At first, I’d thought the mentors would come find me. That by signing up for an official mentor program and telling people in my network that I was looking for a mentor, someone would step up and reach out to me. That was not the case.
For starters, I’ve learned that mentors come in all shapes and sizes and very rarely do you find one when you’re explicitly looking for a mentor. It’s like the common belief around finding a romantic partner, you’ll find it when you’re least expecting it. The same can be said for finding a mentor.
My current list of mentors include friends, alumni, former coworkers, and even a few clients. They are people that I know because of a common interest or experience and based on how often we kept in touch, our personalities, and our current situations, we grew into a mentor/mentee relationship.
One of my mentors is a good friend who has taught me how to grow into myself and embrace the parts of me that make me unique (and a little weird). I have another former colleague who is my go-to sounding board for career questions and challenges. I’ve also relied heavily on my university’s alumni network for advice when moving to a new city, changing jobs, and meeting new people.
It’s kind of funny how that mentors can organically appear but there is one common thread throughout my mentor relationships: I was proactive.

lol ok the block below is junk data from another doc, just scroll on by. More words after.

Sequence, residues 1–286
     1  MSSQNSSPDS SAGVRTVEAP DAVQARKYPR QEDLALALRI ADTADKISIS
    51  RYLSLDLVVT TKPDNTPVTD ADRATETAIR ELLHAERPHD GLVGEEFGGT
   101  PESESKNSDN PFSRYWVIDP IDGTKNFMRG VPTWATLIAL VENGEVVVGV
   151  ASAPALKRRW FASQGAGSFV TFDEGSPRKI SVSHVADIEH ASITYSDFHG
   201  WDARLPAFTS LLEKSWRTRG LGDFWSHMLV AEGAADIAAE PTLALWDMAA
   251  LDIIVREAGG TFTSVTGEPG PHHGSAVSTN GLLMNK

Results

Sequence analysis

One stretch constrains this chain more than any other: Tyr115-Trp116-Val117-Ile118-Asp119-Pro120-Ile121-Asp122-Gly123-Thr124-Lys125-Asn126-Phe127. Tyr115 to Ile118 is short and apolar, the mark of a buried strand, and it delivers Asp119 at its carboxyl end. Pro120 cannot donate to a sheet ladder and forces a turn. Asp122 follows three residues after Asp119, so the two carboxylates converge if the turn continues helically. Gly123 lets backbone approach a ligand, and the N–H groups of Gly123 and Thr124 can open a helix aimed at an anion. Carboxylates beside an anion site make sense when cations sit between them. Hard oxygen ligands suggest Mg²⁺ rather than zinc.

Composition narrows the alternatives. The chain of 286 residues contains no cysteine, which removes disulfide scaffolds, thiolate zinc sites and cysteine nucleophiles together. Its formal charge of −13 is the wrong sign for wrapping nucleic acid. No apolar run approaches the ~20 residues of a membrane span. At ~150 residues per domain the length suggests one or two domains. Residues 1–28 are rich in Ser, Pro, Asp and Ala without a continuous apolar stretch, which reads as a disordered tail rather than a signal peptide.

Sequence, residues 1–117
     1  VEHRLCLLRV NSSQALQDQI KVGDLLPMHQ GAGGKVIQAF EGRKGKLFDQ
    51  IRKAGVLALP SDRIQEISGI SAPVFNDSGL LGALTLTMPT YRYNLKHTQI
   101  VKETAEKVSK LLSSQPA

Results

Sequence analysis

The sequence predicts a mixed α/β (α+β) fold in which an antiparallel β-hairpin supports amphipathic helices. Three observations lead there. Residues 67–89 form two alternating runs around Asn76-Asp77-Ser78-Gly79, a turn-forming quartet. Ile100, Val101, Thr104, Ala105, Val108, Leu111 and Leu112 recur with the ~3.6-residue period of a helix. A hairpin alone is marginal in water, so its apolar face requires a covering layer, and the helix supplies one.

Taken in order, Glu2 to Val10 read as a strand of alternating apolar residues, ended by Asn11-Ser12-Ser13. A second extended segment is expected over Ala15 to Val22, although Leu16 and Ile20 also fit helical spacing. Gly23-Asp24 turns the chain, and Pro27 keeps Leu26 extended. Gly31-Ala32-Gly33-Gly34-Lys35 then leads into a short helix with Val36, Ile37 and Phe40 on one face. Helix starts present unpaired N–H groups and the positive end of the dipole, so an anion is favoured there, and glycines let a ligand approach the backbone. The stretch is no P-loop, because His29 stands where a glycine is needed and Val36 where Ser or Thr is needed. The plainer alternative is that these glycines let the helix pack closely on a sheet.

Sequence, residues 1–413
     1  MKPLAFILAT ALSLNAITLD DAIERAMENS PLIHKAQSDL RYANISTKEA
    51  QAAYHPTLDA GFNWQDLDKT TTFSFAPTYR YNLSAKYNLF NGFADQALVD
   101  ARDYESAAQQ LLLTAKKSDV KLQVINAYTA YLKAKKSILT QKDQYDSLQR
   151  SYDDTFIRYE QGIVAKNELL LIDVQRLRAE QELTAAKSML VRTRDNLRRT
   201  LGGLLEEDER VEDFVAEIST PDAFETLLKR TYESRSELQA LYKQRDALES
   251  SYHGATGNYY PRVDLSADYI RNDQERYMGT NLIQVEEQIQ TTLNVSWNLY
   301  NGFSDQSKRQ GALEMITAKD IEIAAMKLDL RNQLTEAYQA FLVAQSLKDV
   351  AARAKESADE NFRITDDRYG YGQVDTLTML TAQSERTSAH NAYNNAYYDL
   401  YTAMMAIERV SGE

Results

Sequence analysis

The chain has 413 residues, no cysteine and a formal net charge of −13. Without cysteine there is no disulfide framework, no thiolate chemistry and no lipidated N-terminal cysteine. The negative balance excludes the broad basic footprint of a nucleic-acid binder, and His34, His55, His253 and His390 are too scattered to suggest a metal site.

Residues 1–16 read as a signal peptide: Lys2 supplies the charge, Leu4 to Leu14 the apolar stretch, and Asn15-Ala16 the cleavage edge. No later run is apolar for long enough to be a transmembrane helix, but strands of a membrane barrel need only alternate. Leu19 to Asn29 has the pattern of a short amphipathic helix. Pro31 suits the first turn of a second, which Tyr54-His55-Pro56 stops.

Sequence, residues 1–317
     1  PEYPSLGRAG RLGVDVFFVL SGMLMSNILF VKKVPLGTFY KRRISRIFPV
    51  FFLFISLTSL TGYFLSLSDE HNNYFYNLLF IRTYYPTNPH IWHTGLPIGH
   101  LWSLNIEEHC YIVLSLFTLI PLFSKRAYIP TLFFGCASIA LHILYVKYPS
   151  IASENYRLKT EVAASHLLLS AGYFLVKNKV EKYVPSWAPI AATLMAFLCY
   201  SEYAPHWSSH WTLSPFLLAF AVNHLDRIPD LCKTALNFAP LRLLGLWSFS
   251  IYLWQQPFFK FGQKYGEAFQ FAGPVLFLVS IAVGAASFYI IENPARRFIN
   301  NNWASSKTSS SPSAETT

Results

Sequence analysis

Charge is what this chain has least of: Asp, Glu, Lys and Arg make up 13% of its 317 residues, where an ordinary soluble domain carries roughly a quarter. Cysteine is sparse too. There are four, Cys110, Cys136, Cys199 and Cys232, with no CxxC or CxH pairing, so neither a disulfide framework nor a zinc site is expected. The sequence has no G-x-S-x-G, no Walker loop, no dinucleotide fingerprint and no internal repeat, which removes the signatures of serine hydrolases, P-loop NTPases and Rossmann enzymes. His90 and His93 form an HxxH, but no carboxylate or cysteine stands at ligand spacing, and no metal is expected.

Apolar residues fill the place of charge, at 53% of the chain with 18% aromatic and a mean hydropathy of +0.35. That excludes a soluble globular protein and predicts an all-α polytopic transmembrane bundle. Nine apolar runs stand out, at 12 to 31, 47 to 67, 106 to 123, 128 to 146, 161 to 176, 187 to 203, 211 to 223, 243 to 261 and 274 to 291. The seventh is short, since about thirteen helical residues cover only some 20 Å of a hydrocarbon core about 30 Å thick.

In most of those examples, I reached out to them and I’ve put the effort into following up with them.
It’s rare to find someone who has “wants to be a mentor” listed on their LinkedIn profile or is openly offering to be a mentor at a networking event. A mentor-mentee relationship takes time and energy on both sides, but it is a transactional relationship.
On one side, the mentor brings their experience and advice to the relationship, however, their time is limited as they’re farther along in their career or busy with family. On the other side, the mentee is looking to learn and has time to give and invest in the relationship.
Time is the common link, one person has plenty of it and the other has limited time. I’ve learned to use that to my advantage and invest my time into my mentor relationships.
I was proactive in sending emails to potential mentors, thanking them for connecting and following up with them every few weeks or months, and constantly looking for new mentors.
As you start your mentor search or are you’re looking to find new mentors, here are three habits you can apply to become a more proactive mentee:
Don’t be afraid of the cold email/message - I really struggled with this when I first got started, as I felt awkward and weird reaching out to people I didn’t know. But through a lot of trial and error, I found that there most people are happy to answer your emails, questions, and messages when they can tell you’ve taken the time to do you research.
Look the person up online before reaching out, identify a common interest or something that you think will be of interest to them, and highlight that in your email. This will help you stand out from the rest of the random emails they receive and is the first step to showing them that you are serious.